Barcelona president Josep Maria Bartomeu has said the club's board of directors will discuss the possibility of leaving La Liga in the event Catalonia gains independence from Spain.
MailOnline's Adam Shergold provided background on Sunday's independence referendum, which was ruled illegal by the Spanish state, and Bartomeu mentioned exiting the country's top flight is a possibility, per Goal:
Security concerns in the Catalan capital meant Barcelona had to play out a 3-0 victory over Las Palmas behind closed doors on Sunday, the same day upon which the referendum took place.
Shergold nodded to murmurs growing over the weekend that suggested the Blaugrana could join the Premier League, and England's top flight would likely welcome a European powerhouse if they had the chance.
Rather than join an existing league, however, Spanish football writer Andy West believes Barcelona could even become part of a new division formed between the biggest clubs on the Continent:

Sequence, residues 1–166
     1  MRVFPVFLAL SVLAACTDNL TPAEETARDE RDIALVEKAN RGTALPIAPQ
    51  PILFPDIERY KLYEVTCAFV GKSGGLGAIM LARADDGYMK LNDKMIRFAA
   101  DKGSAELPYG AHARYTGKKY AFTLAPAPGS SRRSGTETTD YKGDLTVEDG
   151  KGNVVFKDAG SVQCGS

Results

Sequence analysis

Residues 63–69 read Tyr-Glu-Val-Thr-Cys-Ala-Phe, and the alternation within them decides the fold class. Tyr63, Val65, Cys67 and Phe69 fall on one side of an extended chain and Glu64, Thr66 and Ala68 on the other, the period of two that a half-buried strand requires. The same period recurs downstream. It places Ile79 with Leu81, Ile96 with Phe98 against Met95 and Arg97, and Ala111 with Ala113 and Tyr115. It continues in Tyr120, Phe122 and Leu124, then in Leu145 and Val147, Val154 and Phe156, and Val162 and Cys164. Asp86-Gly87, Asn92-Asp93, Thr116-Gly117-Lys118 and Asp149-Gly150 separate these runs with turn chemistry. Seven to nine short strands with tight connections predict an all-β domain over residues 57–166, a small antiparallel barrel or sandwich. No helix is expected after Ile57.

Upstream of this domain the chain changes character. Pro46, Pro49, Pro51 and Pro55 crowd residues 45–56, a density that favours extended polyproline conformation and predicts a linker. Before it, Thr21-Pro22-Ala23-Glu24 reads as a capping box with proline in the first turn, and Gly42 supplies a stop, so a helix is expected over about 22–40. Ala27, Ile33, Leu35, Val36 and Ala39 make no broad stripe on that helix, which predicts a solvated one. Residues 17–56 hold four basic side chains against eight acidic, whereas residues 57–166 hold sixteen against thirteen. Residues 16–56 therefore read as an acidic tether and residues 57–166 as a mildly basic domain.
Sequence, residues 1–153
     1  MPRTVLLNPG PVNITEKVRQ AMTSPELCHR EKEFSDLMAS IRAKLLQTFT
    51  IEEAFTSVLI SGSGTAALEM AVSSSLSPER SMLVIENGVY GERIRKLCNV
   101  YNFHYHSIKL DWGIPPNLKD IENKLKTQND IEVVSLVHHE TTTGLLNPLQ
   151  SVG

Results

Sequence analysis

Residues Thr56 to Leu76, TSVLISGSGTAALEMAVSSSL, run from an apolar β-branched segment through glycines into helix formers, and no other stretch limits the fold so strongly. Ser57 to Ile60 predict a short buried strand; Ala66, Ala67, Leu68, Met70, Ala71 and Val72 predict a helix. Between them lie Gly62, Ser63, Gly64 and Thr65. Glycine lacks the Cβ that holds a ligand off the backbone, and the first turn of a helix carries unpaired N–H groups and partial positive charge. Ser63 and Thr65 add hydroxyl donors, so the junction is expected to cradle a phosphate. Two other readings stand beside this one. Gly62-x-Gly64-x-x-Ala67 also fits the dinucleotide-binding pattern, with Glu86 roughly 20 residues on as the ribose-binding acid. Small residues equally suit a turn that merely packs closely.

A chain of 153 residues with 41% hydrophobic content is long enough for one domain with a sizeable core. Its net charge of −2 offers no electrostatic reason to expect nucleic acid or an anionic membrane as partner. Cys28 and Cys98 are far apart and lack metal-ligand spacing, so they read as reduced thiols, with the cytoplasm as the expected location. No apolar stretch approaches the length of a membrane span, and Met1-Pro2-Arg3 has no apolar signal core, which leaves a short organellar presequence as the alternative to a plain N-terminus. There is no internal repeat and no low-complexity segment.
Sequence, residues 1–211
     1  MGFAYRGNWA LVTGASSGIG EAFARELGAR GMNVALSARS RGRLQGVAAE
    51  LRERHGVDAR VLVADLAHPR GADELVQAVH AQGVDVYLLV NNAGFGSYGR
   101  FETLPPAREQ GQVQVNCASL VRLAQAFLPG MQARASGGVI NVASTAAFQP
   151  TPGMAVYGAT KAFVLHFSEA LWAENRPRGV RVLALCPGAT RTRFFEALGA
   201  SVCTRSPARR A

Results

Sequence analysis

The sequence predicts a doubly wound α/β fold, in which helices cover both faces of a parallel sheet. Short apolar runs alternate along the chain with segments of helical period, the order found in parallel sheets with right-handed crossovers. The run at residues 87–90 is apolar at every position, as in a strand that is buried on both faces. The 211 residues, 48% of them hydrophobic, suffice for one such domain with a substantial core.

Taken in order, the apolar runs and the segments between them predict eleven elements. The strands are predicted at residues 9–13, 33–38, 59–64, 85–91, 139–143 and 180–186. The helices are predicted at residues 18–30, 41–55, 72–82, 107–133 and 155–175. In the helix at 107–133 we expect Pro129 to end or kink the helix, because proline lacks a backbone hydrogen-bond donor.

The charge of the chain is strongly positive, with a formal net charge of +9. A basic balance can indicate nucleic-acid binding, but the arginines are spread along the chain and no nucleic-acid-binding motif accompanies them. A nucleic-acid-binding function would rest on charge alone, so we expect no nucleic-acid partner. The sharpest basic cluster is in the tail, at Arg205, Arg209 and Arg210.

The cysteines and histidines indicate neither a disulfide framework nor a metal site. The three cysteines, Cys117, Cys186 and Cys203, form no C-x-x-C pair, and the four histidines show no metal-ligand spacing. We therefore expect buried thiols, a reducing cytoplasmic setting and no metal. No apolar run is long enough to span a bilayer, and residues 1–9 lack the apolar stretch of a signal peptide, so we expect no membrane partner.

However, Simon Chadwick, a sports professor at Salford University in England, said that while Barca joining the Premier League may seem a "match made in heaven" commercially and financially, it's an "extremely unlikely" move, per Jack Wilson of the Daily Express:
“An alternative proposal has been that Barca will have to continue playing in Spain’s La Liga. Short-term, this would seem to be the most logical outcome, although medium to long-term less so.
“Yet such a debate is far too premature; FC Barcelona divorcing itself from the rest of Spanish football would surely require negotiations of Brexit-style scale before a divorce could be agreed."
Chadwick went on to add the Blaugrana would "probably lose its UEFA membership and right to play Champions League football" if Catalonia seceded from Spain, presenting a major obstacle for the club.
Tensions are currently at a high in Spain and Catalonia, and Lizzie Dearden of the Independent reported almost 900 people were injured on Sunday, largely as a result of Spanish police attempting to suppress the referendum vote.
After it was declared illegal, Spanish Prime Minister Mariano Rajoy went so far as to say "there was no referendum," per Reuters.
That denial will not hide the results of the votes that were cast, however, and Matt Lee of the Associated Press reported a landslide in favour of secession:
Real Madrid would surely rule as La Liga's dominant party in the event Barca were to leave the division, with the two clubs having almost formed a duopoly over the league across the past decade or so.